O Say Can You See

 

 

 

 

 

 

 


 

 

Native American Story Telling


Telling stories can revive our spirits and transform our perceptions of the world. Even when a story is not believable, it can contain elements that speak to the human experience. This point is made by Tchin, an award winning Blackfoot  and Aragansett artist and story teller from Norfolk, Virginia. Tchin shared this story with me about the creation of autumn, and then told me about the psychological healing such a story can promote:

"In traditional Native American culture, adolescent males and females are not allowed to be alone together. A young man and young woman never see each other unless the young woman is chaperoned. Her aunts, her sister, her mother, or someone else is always with her.

"Parents come together, at the right time of year, when the moon is in correct part of the sky, and plan a hoop dance. The hoop dance is where all the eligible young people come together to be introduced. They learn about the clans of the other people, and about who they can marry as well as which marriages are taboo. People dance, and frequently change partners. This way, everyone gets to be introduced to each other.

"During this hoop dance, the parents noticed one couple that did not change partners. In fact, they even heard some of the conversation. The young lady was saying that she worked in her mother's fields during the day. And the young man said that his uncle was teaching him to play the flute.

"The next day, the young man went down to the field with his flute and played a song. People hearing the flute didn't know what it was. They would say, "Listen to that sound blowing through the trees. I wonder what it is.' But the young lady knew it was the young man playing the flute for her. It made her so happy that her heart jumped.

"She wanted to send him a message, so, she went to a tree, and asked the tree for a leaf. After receiving that gift, she placed it into a stream. The stream took the message down to where the young man was playing. He knew it was from the young lady. It made him so happy that his heart jumped. He picked up the leaf, and went home.

"Day after day, the young man would go down to the stream and play his flute. And day after day, she would go to the tree, ask for a leaf, receive that gift, and place it into the stream, where it would travel to the young man. As the days turned into weeks, and the weeks into months, their love for each other grew strong and powerful, even though they never spoke a word to each other.

"Then one day, the young man's uncle came to him and said, 'Young man, it is time that you stopped fooling around down by the stream, and that you learned how to make a living. I'm going to take you out and teach you how to hunt.' It made the young man really happy to know that he would learn how to make a living by hunting. If he learned this, he could take his place in the village. If he could make a living, he could get married. And he knew with whom he wished to marry. So, with great joy and expectations he went out to learn how to make a living.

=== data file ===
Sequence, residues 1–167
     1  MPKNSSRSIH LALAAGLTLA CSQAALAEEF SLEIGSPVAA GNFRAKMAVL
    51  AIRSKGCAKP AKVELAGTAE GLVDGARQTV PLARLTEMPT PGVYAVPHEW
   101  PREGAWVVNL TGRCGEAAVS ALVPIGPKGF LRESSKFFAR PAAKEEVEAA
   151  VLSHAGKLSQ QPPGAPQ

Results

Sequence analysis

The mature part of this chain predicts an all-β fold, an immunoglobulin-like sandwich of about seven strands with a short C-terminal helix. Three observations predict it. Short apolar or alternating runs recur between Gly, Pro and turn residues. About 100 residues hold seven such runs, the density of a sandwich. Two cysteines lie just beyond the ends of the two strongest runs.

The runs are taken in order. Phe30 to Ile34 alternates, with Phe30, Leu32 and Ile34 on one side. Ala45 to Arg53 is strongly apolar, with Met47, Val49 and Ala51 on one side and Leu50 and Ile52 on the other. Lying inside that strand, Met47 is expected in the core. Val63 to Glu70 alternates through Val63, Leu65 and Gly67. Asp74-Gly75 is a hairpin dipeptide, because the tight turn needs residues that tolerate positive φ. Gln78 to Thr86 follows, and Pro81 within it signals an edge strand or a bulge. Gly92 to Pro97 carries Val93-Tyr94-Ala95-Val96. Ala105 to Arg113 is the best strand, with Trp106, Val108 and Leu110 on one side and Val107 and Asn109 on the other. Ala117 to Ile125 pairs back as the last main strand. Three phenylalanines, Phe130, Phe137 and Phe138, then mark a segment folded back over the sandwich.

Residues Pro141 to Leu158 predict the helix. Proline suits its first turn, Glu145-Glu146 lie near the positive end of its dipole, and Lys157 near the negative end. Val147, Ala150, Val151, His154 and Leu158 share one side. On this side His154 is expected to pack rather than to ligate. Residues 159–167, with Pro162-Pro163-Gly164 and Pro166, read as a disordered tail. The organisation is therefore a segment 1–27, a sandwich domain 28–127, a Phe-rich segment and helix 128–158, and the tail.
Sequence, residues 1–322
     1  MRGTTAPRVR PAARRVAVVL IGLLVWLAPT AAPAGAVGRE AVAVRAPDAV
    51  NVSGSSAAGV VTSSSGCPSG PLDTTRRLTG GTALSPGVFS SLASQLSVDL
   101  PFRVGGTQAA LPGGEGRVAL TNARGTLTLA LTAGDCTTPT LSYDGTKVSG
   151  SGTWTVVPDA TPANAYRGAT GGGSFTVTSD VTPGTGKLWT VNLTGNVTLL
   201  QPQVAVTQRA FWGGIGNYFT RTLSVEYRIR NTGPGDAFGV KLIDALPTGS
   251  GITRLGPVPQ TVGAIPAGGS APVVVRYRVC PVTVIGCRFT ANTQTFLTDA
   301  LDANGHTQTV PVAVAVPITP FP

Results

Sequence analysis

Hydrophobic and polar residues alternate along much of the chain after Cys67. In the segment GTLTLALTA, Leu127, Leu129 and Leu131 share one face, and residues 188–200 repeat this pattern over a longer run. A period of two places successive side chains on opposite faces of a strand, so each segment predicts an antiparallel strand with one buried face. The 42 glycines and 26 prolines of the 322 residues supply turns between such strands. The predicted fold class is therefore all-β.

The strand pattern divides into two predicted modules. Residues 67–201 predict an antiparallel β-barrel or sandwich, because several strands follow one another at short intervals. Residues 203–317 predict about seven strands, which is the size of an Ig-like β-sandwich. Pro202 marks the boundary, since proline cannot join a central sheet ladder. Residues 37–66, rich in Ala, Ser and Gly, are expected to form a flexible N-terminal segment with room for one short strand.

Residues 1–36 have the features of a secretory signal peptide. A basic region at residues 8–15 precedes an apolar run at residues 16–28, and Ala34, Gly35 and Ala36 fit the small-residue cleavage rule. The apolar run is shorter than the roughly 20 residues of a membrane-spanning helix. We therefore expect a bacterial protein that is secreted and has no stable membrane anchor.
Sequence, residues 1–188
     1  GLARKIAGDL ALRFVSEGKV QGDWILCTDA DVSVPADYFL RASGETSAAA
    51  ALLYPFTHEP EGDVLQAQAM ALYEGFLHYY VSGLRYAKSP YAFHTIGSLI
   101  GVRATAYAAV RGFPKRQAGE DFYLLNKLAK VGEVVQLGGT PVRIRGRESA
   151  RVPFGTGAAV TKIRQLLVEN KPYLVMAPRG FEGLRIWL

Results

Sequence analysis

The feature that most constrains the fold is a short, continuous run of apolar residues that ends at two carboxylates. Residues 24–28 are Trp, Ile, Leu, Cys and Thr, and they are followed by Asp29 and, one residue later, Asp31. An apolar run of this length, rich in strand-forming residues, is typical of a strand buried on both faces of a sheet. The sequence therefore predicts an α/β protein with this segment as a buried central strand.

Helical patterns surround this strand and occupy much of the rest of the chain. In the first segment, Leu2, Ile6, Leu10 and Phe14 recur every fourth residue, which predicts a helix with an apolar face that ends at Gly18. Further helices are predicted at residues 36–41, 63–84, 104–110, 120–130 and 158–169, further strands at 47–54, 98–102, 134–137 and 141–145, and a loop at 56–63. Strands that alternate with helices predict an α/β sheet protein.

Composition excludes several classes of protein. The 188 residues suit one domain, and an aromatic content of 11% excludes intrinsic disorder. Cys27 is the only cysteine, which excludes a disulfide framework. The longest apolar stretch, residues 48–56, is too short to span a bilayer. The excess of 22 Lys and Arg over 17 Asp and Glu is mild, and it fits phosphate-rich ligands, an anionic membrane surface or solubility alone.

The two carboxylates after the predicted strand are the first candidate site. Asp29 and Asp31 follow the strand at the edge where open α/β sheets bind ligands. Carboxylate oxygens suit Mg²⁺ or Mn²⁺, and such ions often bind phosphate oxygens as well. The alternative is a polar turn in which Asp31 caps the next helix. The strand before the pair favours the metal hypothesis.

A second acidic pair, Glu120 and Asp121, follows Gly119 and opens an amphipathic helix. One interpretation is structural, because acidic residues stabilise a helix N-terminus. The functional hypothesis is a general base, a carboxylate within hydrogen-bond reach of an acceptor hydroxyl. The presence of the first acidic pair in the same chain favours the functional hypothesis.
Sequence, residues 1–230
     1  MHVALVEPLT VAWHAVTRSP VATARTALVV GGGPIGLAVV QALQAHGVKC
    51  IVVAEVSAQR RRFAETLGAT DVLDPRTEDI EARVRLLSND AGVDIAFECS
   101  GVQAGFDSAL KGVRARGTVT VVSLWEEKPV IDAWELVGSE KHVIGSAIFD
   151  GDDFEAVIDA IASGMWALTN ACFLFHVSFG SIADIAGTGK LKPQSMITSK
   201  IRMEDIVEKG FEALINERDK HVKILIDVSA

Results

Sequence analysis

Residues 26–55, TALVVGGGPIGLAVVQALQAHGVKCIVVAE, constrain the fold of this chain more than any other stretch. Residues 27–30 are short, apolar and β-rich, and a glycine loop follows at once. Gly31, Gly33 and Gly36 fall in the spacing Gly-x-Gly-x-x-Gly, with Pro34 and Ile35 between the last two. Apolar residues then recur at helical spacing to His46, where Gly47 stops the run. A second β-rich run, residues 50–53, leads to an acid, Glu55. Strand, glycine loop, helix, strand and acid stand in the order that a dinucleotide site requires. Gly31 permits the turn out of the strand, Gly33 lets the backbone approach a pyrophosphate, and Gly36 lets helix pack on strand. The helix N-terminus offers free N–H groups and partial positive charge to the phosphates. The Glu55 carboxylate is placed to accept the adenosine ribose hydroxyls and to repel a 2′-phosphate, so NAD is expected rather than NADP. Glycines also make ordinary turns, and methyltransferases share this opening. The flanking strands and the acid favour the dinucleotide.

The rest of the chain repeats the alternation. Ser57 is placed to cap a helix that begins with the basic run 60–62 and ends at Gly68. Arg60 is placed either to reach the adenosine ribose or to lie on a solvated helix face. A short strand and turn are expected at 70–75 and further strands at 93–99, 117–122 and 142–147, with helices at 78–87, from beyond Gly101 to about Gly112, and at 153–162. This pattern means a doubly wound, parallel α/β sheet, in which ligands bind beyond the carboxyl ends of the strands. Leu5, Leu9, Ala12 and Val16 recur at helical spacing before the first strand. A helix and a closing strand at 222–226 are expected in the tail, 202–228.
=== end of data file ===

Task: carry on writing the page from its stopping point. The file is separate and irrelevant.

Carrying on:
"Day after day, the young lady would work in the fields of her mother, and not hear the flute of the young man. She wondered why he no longer played for her. Maybe he had to help his aunt. Maybe he had to do something for his uncle. He had to help the elders. He had more important things to do. As days turned into weeks, and the weeks into months, she exhausted all the possible reasons why he could not come and play. And after all of these reasons were exhausted, she came to the thought that he might be playing his flute for some other woman. When this thought came to her, a great pain stabbed her in her heart causing her to fall to the ground. Her parents, who loved her strongly, called to all the medicine people to doctor their daughter. But even in those days, people did not know how to heal a broken heart.

"After many months, the young man came back, very much a new person, with new muscles, and a joyful outlook on life. He ran down to the stream and began to play his flute. But no leaf flowed downstream. At first, he thought to himself, 'It's too late in the day. Maybe all the people have gone home.' Then, as he was walking back to the village, he saw the young lady's brother. It made him happy and they talked about all kinds of things that happened to him while he was learning to hunt.

"Eventually, he got around to asking the brother, 'How is your sister?" The young brother bowed his head and said, 'I guess you have been gone for a long time because they placed my sister over there in the rock.' When the young flute player heard what had happened to the young lady, the pain stabbed his heart so great that he fell to the ground.

"The flute player was in tears, saying, "Please take me to where they placed your sister." The young brother agreed, and they walked the distance to the rock, where she was. He left the young flute player there never ever to see him again.

"The young man took out his flute and played a song. Then something miraculous happened because, you see, love is strong, and true love is ever lasting. As that young flute player played his song, all the leaves on all the trees began to fall.

"You know that I am  telling you a true story, and you can prove the truth of this story telling to yourself because around October and November, if you were to go out, you could look at the trees, and you could see that when you look around, all the leaves on all the trees start to fall. This is because love is strong and powerful. Now you know why all the leaves fall off all the trees at that time of year."

More Story Telling to come -




 Tchin on Story Telling
 Jamie Sams on Story Telling
 StoryTelling
  Native Americans Online  
  Spiritalk Gathering  


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